There are further points of interest to look for within these non-wheat staples, and how they came to have the roles they have today. Cassava has been an East African staple in many forms since it was introduced by the Portuguese in the 17th Century, who also brought over maize a century earlier, and it would be incredibly interesting to understand and compare the relationship that East Africa has with its respective imperial projects and culinary legacies. Finally, it’s important to consider other perspectives on the relationship East Africa has with wheat.
My Indian background brings its own relationship with wheat, and our presence in East Africa is a direct result of the British Empire. There will be communities for whom staple crops such as sorghum and millet, that predate colonialism in the region by millenia, have played a larger role and created various dishes and culinary traditions - such as ajon, a millet beer that is often drunk from a communal calabash gourd with long straws during ceremonies and special events.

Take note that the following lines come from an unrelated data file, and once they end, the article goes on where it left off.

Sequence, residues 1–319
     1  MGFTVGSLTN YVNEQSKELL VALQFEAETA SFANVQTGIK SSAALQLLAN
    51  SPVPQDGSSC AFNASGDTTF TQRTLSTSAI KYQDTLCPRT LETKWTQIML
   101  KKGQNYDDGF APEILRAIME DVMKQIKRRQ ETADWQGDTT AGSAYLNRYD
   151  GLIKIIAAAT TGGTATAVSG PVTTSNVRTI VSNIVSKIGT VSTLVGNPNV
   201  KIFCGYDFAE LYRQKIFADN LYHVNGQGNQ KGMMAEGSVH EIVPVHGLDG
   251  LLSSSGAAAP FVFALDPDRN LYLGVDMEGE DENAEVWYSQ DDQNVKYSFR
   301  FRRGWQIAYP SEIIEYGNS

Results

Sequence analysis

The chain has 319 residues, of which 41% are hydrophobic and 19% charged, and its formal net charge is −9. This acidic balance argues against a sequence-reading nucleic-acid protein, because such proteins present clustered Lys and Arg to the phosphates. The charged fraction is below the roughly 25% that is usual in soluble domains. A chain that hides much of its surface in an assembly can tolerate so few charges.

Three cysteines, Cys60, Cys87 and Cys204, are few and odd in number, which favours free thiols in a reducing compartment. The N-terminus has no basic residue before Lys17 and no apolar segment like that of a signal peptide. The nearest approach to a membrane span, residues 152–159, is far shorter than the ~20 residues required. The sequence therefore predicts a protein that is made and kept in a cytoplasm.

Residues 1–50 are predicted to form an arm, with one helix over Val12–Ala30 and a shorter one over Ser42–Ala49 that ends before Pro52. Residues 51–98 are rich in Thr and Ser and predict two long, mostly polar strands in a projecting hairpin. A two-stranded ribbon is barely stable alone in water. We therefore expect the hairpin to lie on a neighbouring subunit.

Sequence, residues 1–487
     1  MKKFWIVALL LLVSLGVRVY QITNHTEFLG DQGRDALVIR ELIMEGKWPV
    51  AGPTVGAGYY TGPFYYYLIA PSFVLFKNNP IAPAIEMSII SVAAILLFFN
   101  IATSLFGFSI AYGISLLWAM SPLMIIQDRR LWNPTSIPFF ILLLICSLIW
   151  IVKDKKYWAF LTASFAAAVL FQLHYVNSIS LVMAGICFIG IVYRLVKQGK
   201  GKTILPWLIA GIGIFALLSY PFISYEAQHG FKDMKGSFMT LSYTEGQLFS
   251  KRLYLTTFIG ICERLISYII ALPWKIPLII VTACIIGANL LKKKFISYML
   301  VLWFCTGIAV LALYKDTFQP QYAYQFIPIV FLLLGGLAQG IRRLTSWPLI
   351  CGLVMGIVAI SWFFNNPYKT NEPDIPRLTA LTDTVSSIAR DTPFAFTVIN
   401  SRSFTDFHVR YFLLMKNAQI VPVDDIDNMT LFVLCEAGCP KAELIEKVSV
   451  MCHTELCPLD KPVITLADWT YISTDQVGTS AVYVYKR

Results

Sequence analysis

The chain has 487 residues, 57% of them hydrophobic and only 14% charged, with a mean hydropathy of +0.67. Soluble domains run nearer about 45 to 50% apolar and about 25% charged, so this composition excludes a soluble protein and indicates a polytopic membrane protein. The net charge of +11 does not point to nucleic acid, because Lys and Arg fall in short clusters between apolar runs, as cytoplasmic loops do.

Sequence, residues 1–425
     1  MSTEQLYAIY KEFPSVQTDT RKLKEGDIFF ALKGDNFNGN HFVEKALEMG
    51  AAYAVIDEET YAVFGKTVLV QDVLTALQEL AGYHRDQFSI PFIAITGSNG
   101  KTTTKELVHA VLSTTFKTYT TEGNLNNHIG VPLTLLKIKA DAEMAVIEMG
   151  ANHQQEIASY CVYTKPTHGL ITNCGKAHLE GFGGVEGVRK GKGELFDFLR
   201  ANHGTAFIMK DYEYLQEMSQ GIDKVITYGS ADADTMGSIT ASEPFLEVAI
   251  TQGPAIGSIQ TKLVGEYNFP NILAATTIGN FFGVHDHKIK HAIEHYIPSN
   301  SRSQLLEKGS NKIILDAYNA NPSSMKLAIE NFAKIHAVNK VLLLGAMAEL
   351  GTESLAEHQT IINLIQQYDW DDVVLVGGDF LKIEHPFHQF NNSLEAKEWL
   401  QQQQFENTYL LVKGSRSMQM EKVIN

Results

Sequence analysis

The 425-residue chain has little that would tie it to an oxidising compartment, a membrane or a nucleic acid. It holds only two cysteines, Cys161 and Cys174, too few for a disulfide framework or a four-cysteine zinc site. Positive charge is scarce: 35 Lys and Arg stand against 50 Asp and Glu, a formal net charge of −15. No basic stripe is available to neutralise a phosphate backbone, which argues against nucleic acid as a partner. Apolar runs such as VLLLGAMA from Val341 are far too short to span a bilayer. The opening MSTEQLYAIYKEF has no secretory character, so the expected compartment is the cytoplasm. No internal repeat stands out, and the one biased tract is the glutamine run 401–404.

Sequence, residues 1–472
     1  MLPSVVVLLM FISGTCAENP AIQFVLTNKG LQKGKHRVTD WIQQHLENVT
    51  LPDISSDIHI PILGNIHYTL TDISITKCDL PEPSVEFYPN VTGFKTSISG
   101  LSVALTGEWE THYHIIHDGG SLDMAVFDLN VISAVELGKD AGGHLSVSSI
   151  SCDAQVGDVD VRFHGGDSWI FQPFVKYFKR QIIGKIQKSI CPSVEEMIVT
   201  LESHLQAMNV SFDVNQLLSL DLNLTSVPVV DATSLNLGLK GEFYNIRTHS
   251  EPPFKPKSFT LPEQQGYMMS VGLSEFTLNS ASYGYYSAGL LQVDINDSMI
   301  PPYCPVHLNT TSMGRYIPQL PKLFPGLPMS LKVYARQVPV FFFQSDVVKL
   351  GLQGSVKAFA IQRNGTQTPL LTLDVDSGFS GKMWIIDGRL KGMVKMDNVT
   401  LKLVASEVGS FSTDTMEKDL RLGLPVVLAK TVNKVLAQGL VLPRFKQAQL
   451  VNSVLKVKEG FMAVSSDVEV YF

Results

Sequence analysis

What are their stories, and how have wheat and other colonial endeavours affected them?
This image is is Mahamri that Abbas made accompanied by a cup of coffee; top image is one that he ordered for delivery (with bharazi and chai).
Abbas Asaria is a Madrid based supper club host and food writer. You can follow his work at @talkfoodwithabbas